In our constant quest to bring you the world's best coffee, we're proud to launch a micro batch that's out of the ordinary. This batch is of the geisha bean type, recognized as the best bean type in the world. In this article, you can get to know the coveted geisha coffee and this spring's most exclusive coffee news from El Obraje in Colombia.

The taste discovery in Panama

The world knew little about the geisha bean until 2004, when a flavor discovery took place in Panama. The coffee farm Hacienda la Esmeralda, which has now become very famous, had bought coffee seeds from the geisha plant and cultivated geisha trees on the farm. At the time, it was essentially a coffee plant known to have good disease resistance, which was therefore beneficial to grow. Until 2004, the coffee berries from geisha trees had been mixed with coffee berries from other coffee trees at Hacienda la Esmeralda, but were then processed for the first time as a completely separate batch of coffee on the farm.

The unique flavor profile

As a separate batch, the bean type came into its own and proved to have a unique flavor. The cuppers at Hacienda la Esmeralda were thrilled, to say the least. The coffee had a distinct floral aroma, a clear taste of citrus such as lime and bergamot, as well as notes of peach and mango. It was more similar to Ethiopian coffee than the typical flavor profile of coffee grown in South America, with a more intense mouthfeel. The Geisha lot won the "Best of Panama" competition in 2004 and in the same year set the record for the highest price ever paid for a coffee at auction.

Geisha from Gesha

However, the story of the geisha bean did not start in Panama, nor with a Japanese geisha, even though the name might suggest it. It's not surprising that the flavor profile is reminiscent of Ethiopian coffee, as the bean originally comes from the Gesha region of Ethiopia. It was found there as early as 1936, when British consuls, aiming to identify bean types with commercial potential, collected the bean type from Gesha. Via Tanzania and Costa Rica, the seeds made their way to Panama in the 1960s, and then to Colombia and Guatemala. However, it would take over 40 years for the bean's true potential to be discovered and its flavor to flourish, and on a completely different continent from where it started. How the 'i' crept into the name is not known for certain, but one theory is that the letter was added to create an exotic and familiar name.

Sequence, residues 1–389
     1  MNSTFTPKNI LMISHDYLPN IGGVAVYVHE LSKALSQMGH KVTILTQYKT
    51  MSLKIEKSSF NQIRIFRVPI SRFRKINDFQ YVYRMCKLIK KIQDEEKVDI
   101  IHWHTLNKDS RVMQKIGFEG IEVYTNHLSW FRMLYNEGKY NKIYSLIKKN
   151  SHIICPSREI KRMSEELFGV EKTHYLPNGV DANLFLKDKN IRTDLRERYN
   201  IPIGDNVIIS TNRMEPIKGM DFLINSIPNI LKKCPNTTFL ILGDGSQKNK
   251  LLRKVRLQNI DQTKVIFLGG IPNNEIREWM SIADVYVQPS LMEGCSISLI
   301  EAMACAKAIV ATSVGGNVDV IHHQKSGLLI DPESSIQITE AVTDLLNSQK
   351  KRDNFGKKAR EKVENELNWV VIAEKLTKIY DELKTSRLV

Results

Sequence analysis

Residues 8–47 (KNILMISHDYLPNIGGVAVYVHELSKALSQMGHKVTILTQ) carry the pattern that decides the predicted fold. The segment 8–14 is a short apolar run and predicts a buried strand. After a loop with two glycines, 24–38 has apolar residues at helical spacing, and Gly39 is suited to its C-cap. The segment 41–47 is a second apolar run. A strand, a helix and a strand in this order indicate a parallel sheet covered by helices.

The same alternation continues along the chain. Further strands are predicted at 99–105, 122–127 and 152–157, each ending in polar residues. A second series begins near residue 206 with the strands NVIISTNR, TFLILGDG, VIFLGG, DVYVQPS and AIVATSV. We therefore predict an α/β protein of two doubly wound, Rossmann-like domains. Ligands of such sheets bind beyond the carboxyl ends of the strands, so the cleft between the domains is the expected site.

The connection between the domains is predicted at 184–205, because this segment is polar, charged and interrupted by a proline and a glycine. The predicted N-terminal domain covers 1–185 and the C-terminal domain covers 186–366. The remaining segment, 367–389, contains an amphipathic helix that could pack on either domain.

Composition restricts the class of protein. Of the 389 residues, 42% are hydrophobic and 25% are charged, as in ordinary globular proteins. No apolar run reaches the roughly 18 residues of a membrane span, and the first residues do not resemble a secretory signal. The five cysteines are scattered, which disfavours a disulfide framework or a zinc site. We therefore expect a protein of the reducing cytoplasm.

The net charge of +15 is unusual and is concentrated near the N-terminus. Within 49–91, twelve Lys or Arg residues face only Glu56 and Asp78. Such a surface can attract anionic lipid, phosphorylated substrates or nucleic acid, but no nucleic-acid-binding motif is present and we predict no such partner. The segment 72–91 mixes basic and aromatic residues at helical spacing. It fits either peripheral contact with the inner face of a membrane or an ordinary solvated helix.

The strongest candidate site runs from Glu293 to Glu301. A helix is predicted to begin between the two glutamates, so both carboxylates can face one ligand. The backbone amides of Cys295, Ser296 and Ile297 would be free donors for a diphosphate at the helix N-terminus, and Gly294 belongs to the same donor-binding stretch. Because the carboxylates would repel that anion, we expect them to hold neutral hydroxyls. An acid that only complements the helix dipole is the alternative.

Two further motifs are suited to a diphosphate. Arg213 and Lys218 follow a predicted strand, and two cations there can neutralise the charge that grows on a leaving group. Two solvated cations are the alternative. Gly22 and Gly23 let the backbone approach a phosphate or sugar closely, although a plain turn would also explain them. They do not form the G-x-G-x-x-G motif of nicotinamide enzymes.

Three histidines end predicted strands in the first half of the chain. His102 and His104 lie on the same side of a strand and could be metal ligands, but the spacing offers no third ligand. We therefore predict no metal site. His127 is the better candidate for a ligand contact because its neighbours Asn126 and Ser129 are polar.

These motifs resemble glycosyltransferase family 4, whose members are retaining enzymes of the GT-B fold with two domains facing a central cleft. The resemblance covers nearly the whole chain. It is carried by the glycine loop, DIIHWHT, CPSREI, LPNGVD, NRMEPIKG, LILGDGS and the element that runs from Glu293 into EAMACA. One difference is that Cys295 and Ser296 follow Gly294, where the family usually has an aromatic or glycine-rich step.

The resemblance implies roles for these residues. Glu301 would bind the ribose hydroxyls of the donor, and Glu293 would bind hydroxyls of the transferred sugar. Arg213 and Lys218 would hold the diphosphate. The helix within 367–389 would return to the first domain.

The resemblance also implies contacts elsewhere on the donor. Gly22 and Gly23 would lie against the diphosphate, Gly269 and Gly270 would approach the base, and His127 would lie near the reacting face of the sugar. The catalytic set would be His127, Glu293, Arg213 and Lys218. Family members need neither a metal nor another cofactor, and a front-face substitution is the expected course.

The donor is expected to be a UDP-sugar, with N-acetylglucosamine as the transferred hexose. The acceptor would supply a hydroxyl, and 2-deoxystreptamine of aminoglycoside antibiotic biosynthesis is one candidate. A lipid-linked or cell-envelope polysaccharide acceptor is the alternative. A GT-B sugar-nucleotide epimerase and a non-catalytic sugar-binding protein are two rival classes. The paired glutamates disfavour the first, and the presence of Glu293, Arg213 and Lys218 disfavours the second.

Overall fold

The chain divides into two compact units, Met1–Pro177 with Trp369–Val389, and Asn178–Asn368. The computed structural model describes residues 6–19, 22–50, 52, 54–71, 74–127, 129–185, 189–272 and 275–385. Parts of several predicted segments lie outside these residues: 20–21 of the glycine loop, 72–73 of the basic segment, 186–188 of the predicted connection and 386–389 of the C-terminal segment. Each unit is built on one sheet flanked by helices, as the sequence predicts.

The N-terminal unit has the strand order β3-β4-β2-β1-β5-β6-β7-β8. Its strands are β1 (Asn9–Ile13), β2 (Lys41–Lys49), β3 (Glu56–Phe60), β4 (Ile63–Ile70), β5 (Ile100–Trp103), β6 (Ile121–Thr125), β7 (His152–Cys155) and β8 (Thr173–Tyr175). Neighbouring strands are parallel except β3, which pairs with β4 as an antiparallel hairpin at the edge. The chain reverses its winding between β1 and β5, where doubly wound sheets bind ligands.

A more complex flavor picture

When you grow a coffee plant in a different part of the world than it originally came from, you can, if you succeed, get a more complex flavor picture. The taste of a coffee is influenced by the type of bean, but also the local microclimate and soil in which the plant grows. A geisha grown in South America has been shown to develop a more complex cup, sweetness and body than the same coffee grown in Ethiopia.

Coffee at El Obraje

One person who has succeeded in growing geisha in South America is coffee farmer Pablo Guerrero on his farm El Obraje in Colombia. The farm has been in Pablo's family for many years and has grown wheat, corn, apples and peaches, but decided around 2000 to focus on coffee. They had no prior knowledge of growing and processing specialty coffee, but learned quickly and have explored and perfected the process through knowledge of the raw material.